We watched a programme on Channel 5, The Secret Life of Kittens. They were all very cute, though I thought that pictures of cute kittens was what the internet was for. Or as the Guardian reviewer said, expect some insight into the formative experiences that shape a cat's personality, although anybody who has one won't need telling that they are passive-aggressive connivers from birth.
By the end of it we felt quite guilty that all the kittens on the telly had bespoke toys, if not full blown kitten recreation rooms, except for the litter born in a barn. Climbing frames, hammocks, sisal covered scratching posts, tubes in an assortment of sizes for crawling down. One pair ended up with a cat bed shaped like a miniature teepee. Ours were allowed to partially destroy a cheap fair trade footstool, but apart from that they've had to make do with cardboard boxes and scrambling around in the paper recycling basket. When they looked as though they were ready to start sharpening their claws we gave them a log.
The energetic kitten knocked over one of the kitchen chairs today. I've been afraid he was going to do that since he started mountaineering up the backs of them. It's practically a feline rite of passage, toppling kitchen chairs, and they have to learn that not everything is stable or safe to climb on. On the other hand, they are still so small I'm scared that if a chair fell on one it could break his back, or crack his skull. Fortunately this time the energetic kitten jumped free and the other two were safely out of the way up on the kitchen table. We ended up swapping the kitchen chairs for two old ones that normally live in the hall and in our bedroom covered in a heap of the Systems Administrator's clothes. The back legs of the old chairs splay out further so they are more resistant to toppling, and the struts of the back run straight up and down with no tempting horizontal bar part way up to encourage climbing, while the seats are deep enough that if we remember to push them right in against the table they will catch on the table before they tip right over.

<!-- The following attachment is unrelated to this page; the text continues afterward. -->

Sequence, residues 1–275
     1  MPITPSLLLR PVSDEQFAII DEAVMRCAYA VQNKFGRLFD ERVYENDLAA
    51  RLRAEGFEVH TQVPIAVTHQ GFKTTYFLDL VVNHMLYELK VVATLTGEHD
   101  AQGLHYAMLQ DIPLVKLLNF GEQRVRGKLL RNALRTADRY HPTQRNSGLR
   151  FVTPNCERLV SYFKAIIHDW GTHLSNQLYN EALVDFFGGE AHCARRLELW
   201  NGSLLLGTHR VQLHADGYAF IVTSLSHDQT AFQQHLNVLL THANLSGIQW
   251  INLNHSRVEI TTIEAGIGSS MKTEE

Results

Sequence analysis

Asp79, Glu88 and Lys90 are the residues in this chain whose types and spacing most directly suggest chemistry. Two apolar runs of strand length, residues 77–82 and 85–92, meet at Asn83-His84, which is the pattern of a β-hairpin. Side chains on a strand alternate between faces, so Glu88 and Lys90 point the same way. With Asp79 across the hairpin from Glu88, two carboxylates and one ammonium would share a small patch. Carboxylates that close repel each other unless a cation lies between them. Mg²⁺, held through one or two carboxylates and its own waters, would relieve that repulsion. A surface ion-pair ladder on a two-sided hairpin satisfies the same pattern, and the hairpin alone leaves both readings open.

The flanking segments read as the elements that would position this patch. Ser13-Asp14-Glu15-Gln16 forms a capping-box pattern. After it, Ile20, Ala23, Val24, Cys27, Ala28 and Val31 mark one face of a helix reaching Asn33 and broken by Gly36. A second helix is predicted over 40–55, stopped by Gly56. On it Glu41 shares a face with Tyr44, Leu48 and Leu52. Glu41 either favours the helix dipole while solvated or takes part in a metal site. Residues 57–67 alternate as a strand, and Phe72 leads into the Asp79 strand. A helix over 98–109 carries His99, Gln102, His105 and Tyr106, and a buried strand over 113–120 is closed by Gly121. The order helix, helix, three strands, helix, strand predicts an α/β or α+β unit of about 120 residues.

Yesterday we folded up the rug on the sitting room floor and put it away in the spare bedroom until they are older, because the ripping of tiny claws on moderately old, moderately expensive tribal textile was getting too much to bear. The small carpet that normally covers the hall table went upstairs weeks ago because they hung on the edges of it and ripped at the fringe. It was replaced with a towel to try and ensure that about the only French polished piece of furniture we possess didn't end up with scratch marks along the front edge where they'd jumped up. They were amusing themselves yesterday evening by pulling the towel off and tobogganing around the hall floor on it. There is nothing to be done about Mr Fluffy's desire to climb the curtains, but at lunchtime I rescued two short coats that were hanging from the hook by my desk, after finding the energetic kitten dangling from one of them. My long winter greatcoat disappeared to the safety of our room the day the kittens arrived.
The cool kitten has discovered the joys of scratching paper hankies out of the box. Turn the box upside down, problem solved. For now. Meanwhile Mr Fluffy, the smallest and normally the least athletic, is the first to have learnt to jump clean on to the kitchen table without going via a chair. They still think Our Ginger is absolutely wonderful. He is being very patient with his tiny fanboys, but extracting his pound of flesh. This morning I felt obliged to let him in to the bedroom at twenty past five when he began to wail outside the door.